Close on the heels of Prime Minister Narendra Modi’s visit to Vietnam to “strengthen bilateral ties, including defence, security and trade”, the ministry of commerce and industries is planning to set up a committee, along with the Central Drugs Standard Control Organization (CDSCO), to inspect Indian pharmaceutical companies which have been banned from Vietnam for exporting sub-standard drugs.
CDSCO plans to rope in state drug control organizations to look into the issues raised by Vietnam over the quality of drugs from India.
Manufacturing practices of over 50 pharma companies are potentially suspect as they were “red-listed” for regulatory non-compliance by the Drug Regulatory Authority of Vietnam in 2014.
The companies which were red-listed included Strides Arcolab Ltd, Medley Pharmaceuticals Ltd, Marck Biosciences Ltd, Marksans Pharma Ltd and Umedica Laboratories Pvt. Ltd.
“The ministry of commerce has initiated discussions with us about looking into the manufacturing practices of Indian pharmaceutical companies red-listed by Vietnam. We are at the initial stages of the development,” an official from the CDSCO said, requesting anonymity.
Queries emailed to the ministry of commerce and CDSCO went unanswered.
Last year, the CDSCO and Pharmaceutical Export Promotion Council of India (Pharmexcil) had held a strategic meeting with their Vietnamese counterparts to assuage concerns being raised about the safety of Indian drugs.
“Repeated questions about the manufacturing standards and regulatory compliance of Indian pharmaceutical industry can damage the country’s stature as a global drugs exporter. If the complaints are genuine, the state drug regulating authorities may suspend or cancel the licenses of the errant companies,” another official from CDSCO said, also declining to be named.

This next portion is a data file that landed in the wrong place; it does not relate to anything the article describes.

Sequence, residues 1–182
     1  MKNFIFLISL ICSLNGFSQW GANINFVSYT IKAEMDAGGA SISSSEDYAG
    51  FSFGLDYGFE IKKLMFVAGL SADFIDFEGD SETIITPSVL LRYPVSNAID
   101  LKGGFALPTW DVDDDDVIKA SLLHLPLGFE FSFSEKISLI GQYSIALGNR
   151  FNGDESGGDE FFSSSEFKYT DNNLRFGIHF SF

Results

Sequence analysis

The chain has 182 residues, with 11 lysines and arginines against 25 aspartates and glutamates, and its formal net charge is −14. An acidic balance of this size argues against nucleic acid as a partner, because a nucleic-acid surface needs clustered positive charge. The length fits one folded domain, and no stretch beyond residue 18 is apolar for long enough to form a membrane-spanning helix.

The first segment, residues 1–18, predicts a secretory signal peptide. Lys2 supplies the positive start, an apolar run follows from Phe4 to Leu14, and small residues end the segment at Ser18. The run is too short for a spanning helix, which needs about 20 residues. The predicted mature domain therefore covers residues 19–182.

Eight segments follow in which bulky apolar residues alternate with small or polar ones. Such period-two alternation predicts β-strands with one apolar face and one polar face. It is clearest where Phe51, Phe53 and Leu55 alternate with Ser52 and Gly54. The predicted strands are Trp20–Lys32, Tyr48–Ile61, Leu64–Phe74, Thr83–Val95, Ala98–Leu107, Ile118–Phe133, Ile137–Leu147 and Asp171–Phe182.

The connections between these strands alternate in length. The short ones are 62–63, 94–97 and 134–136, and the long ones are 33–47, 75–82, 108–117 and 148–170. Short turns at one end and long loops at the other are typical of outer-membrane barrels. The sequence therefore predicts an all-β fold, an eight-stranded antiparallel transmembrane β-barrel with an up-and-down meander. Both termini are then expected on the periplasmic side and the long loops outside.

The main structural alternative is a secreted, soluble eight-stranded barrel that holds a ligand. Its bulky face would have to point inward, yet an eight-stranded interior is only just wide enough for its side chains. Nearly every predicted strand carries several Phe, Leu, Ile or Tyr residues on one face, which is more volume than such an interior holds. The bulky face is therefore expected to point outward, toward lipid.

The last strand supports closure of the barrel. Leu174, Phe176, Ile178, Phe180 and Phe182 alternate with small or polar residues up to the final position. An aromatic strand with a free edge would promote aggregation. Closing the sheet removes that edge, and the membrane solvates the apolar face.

The commerce ministry may also cancel or suspend the Import Export (IE) code of the companies, depending on the inquiry’s conclusion, said the first official cited earlier.
The IE code is a registration issued by the Directorate General of Foreign Trade and is required for importing or exporting goods and services from India.
Suspension and cancellation of the IE code could be done, as per the Foreign Trade (Development and Regulation) Act, on the grounds “that any person has made an export or import in a manner gravely prejudicial to the trade relations of India with any foreign country or to the interests of other persons engaged in imports or exports or has brought disrepute to the credit or the goods of the country.”
Industry analysts believe that while compliance and manufacturing practices of Indian pharmaceutical companies are getting better, the government must act against, and address systemic failures by companies.
“The perception of India as a safe generic drugs exporter should not suffer. While issues are bound to crop up, there should be no compromise on the safety and quality of drugs being exported. Failure by pharmaceutical companies to adhere to regulatory norms should not be treated by the government as simply a particular company’s issue,” said Muralidharan Nair, Partner – Life Sciences, E&Y.
A significant chunk of Vietnam’s pharmaceutical market comprises of generic drugs, with India being a significant exporter.
Industry estimates peg the overall market size at over $2.6 billion and expected to hit $8 billion by 2020.
In recent years, however, Indian pharmaceutical product exports to the Vietnamese market have dipped significantly, reflecting the effects of the ban. According to official commerce ministry data, exports fell 12% to $146 million in 2015-16 from $165 million in the previous fiscal year.